Franz Joseph Haydn (1745-1809) is remembered today as one of the most prolific composers of the eighteenth century, and possibly of the whole Western music canon. He is commonly referred to as the father of both the symphony and the string quartet! Along with Wolfgang Amadeus Mozart and Ludwig van Beethoven, he completes the trio now known as the first Viennese School, so called for their connections to the city of Vienna, the cultural heart of Europe in the eighteenth century. Owing to both his long lifespan and his enviably stable employment conditions, Haydn’s was able to amass a prodigious compositional catalogue, including 104 symphonies, 50 concertos, 84 string quartets, 24 stage works, and 12 masses. In the 21st century, Haydn may not hold the same household name status and Mozart and Beethoven but his reputation during his own lifetime towered above them both!
The son of a wheelwright and a castle cook, Haydn’s musical talent was recognized early on, leading to his tenure as a choirboy at St. Stephan’s Cathedral in Vienna. Following his voice break, Haydn turned to composition, eventually landing the position of Kapellmeister (Music Director) at the Esterházy court. The Esterházy family were highly prominent landowners within the Holy Roman Empire, holding properties on either side of what is now the Austro-Hungarian border. Haydn served three successive Esterházy Princes, spending the majority of his tenure going back and forth between their two primary residences, Scholss Esterházy in Eisenstadt (in modern-day Austria) and Esterháza in Fertőd (in modern-day Hungary). Upon the death of Prince Nicolaus (the second of the three Princes), Haydn’s duties were dramatically reduced, opening up the possibility of new opportunities further afield.
As Haydn’s obligations to the Esterházy family decreased, he started laying the foundations for what would eventually become an extremely lucrative career as a freelance composer. Haydn started selling his music to publishing companies all over Europe, especially in London, Paris, and Vienna. Many of his most famous and beloved works today were composed, not for his Esterházy patrons, but for an international list of publishers and a growing audience of middle-class amateur enthusiasts.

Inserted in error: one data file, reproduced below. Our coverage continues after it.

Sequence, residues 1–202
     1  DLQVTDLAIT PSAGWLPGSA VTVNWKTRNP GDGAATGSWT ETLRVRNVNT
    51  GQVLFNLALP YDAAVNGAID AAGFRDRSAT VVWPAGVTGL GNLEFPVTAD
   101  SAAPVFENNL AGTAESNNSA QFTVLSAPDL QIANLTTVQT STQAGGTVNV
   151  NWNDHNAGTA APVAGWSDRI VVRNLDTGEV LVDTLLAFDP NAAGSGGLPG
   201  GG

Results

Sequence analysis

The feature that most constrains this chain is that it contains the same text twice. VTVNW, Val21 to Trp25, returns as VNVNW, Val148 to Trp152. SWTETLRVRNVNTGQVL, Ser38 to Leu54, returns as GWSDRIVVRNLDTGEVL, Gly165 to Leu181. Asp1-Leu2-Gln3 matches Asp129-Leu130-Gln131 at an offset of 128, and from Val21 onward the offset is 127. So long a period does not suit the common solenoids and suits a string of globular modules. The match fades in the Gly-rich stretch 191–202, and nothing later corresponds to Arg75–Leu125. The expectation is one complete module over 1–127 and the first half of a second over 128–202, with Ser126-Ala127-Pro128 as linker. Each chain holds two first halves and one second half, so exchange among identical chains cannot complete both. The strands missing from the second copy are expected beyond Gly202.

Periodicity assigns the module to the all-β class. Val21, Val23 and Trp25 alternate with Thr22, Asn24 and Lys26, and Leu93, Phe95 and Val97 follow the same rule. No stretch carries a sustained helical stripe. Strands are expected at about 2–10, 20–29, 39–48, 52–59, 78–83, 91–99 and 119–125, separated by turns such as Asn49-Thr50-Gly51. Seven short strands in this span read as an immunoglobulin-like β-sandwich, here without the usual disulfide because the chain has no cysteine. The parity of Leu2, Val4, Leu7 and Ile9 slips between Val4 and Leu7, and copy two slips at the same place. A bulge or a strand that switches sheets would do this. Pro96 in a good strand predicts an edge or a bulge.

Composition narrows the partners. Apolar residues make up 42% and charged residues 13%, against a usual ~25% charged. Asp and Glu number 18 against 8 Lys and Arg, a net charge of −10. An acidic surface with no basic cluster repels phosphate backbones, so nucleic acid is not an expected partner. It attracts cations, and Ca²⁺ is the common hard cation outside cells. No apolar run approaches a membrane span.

In 1785, Haydn was approached by Joseph Bologne, Chevalier de Saint-Georges with a commission for six symphonies to be performed by Saint-Georges’ orchestra, the Concert de la Loge Olympique. These works would eventually be dubbed the ‘Paris Symphonies’ and were still being performed by Saint-Georges and his orchestra in 1789 when the organization disbanded in the turmoil of the French Revolution. The two most popular of these works were Symphony No. 85, nicknamed La Reine due to the favour it was shown by Marie Antoinette, and Symphony No. 82, nicknamed L’Ours (The Bear).
The Bear Symphony (so called for the final movement’s uncanny but unintentional resemblance to the music used to accompany dancing bears, a popular type of Parisian Street entertainment), is as delightfully sassy as the preceding anecdote. The first movement opens with a bombastic hunting horn theme that is sure excite. As to be expected in a sonata form, this is the first of two main themes, the second theme wonderfully contrasting the first with its beautifully endearing quality. In the central development section, Haydn explores the more sombre expressions of the minor mode, modifying the movement’s themes to fit this change in mood. This finally gives way to a restatement of the first theme, although this time it is not quite so brash.
Movement two takes the form of a theme and variations, the standard structure for a symphonic second movement. However, this movement differs from expectation with Haydn’s use of two complimentary but distinct themes that both get developed throughout the movement. On first listen, the music sounds simple with sometimes only minimal alterations between thematic restatements. However, this is indeed the point as Haydn is subtly setting up the listener’s expectations, only to thwart them a moment later. The effect is like that of a roller-coaster ride, and equally as thrilling.
The third movement, a minuet and trio, opens with the air of courtly pretension that often accompanies the minuet style. However, this is merely what appears to be the start of a witty commentary from Haydn on the façade of courtly life. The music continuously becomes more unhinged, before returning to the opening theme as if nothing alarming had just happened. The fourth movement, another sonata-allegro form, uses a repeated motif made up of a bass drone interspersed with quick grace notes. It was this motif that had some listeners daydreaming about dancing bears. The music is so exuberantly playful that you will have no alternative but to dance in your seat. To do otherwise would be unBEARable! – Written by Kieran Foss